Compost applications increase bacterial community diversity in the apple rhizosphere

dc.contributor.authorSharaf, Hazemen
dc.contributor.authorThompson, Ashley A.en
dc.contributor.authorWilliams, Mark A.en
dc.contributor.authorPeck, Gregory M.en
dc.contributor.departmentSchool of Plant and Environmental Sciencesen
dc.contributor.departmentVirginia Agricultural Experiment Stationen
dc.date.accessioned2021-07-27T19:10:50Zen
dc.date.available2021-07-27T19:10:50Zen
dc.date.issued2021-03-24en
dc.description.abstractSustainable practices are key to the improvement of soil fertility and quality in apple (Malus x domestica Borkh.) orchards. Rootstock genotype and fertilizer inputs can alter soil biology, as well as aboveground traits including nutrient acquisition. In this study, a factorial design was used to assess the interaction between two apple rootstocks, 'Geneva 41' ('G.41') and 'Malling 9' ('M.9') with four fertilizer treatments [chicken-litter compost, yardwaste compost, fertigation using Ca(NO3)(2), and an unamended control]. The bacterial community in the rhizosphere was assessed for its impact on both plant and soil properties for each rootstock x fertilizer treatment combination. The bacterial community was dominated by Acidobacteria, Proteobacteria, and Planctomycetes, but Verrucomicrobia and Chloroflexi were the most responsive to the fertilizer treatments. The chicken litter and yardwaste treatments had a greater effect on bacterial community structure than the control. Yardwaste, in particular, was associated with increased relative abundance of Chloroflexi, which was correlated with soil nutrient concentrations. Malling 9 had a greater bacterial diversity than G.41, but the rootstock treatment had no independent effect on the rhizosphere community structure. There was, however, a strong interaction between the rootstock and fertilizer treatments. Carbon cycling was the most prominent functional change associated with the soil bacterial community. These results suggest that compost amendments have a more positive effect on soil bacterial activity and nutrient availability than Ca(NO3)(2). Our work shows that waste-stream amendments can lead to multiple positive responses, such as increasing aboveground tree biomass, thus potentially improving orchard productivity.en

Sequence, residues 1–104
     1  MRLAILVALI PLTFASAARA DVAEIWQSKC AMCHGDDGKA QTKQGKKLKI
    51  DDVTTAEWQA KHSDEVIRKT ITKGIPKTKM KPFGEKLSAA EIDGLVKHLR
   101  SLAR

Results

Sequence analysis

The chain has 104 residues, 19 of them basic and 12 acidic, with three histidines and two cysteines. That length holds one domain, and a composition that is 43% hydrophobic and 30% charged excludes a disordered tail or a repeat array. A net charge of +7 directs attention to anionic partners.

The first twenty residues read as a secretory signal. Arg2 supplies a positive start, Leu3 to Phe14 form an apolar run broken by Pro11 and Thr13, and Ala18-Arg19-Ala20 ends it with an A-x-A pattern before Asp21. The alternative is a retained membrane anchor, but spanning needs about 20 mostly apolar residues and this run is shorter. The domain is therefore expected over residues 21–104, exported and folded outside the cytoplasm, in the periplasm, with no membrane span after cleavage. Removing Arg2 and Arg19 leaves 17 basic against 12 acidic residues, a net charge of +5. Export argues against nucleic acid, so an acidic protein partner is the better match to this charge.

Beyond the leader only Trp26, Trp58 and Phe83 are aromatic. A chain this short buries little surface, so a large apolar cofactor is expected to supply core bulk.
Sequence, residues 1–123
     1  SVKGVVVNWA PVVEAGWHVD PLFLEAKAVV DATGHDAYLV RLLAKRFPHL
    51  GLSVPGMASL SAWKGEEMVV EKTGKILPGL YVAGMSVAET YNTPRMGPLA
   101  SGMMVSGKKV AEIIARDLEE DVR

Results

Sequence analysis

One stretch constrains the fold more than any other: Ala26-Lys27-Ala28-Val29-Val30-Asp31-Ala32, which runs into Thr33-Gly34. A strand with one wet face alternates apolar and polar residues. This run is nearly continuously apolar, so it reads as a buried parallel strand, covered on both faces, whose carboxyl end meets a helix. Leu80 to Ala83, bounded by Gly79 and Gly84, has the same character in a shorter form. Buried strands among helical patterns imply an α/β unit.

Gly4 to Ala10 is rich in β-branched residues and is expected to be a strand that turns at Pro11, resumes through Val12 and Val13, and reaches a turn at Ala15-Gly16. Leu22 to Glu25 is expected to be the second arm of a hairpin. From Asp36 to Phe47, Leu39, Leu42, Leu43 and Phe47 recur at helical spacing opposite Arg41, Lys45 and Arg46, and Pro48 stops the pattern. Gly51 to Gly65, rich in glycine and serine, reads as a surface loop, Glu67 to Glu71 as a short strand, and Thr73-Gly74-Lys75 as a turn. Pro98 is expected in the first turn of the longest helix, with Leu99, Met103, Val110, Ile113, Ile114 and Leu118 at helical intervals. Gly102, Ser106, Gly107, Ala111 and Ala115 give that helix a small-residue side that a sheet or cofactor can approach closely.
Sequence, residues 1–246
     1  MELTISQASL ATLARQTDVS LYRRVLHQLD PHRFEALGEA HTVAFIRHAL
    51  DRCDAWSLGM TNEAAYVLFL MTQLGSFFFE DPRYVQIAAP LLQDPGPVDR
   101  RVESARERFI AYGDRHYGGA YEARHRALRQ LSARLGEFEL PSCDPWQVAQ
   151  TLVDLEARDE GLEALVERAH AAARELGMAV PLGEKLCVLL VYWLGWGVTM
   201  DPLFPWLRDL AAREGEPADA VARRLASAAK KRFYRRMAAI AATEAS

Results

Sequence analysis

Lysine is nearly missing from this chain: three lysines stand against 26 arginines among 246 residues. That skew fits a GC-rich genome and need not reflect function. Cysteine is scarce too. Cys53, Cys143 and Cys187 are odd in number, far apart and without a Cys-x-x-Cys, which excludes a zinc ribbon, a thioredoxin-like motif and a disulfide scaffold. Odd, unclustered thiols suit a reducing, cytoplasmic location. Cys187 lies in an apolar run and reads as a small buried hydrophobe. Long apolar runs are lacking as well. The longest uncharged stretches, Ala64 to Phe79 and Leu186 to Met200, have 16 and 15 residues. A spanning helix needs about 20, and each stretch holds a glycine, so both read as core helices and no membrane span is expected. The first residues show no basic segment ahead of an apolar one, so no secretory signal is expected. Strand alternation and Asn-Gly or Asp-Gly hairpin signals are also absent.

dc.description.notesWe thank Abby Kowalski, Taylor Mackintosh, David Carbaugh, Sierra Athey, Chandler DeHaven, and Jim Warren for their assistance with this experiment. This work was supported by Cornell University-College of Agriculture and Life Science, the Virginia Agricultural Council, the Virginia Apple Research Program, the Virginia Agricultural Experiment Station, and Virginia Tech-Department of Horticulture (now part of the School of Plant and Environmental Sciences).en
dc.description.sponsorshipCornell University-College of Agriculture and Life Science; Virginia Agricultural Council; Virginia Apple Research Program; Virginia Agricultural Experiment Station; School of Plant and Environmental Sciencesen
dc.description.versionPublished versionen
dc.format.mimetypeapplication/pdfen
dc.identifier.doihttps://doi.org/10.1002/saj2.20251en
dc.identifier.eissn1435-0661en
dc.identifier.issn0361-5995en
dc.identifier.other1-17en
dc.identifier.urihttp://hdl.handle.net/10919/104412en
dc.language.isoenen
dc.rightsCreative Commons Attribution-NonCommercial-NoDerivs 4.0 Internationalen
dc.rights.urihttp://creativecommons.org/licenses/by-nc-nd/4.0/en
dc.titleCompost applications increase bacterial community diversity in the apple rhizosphereen
dc.title.serialSoil Science Society of America Journalen
dc.typeArticle - Refereeden
dc.type.dcmitypeTexten
dc.type.dcmitypeStillImageen
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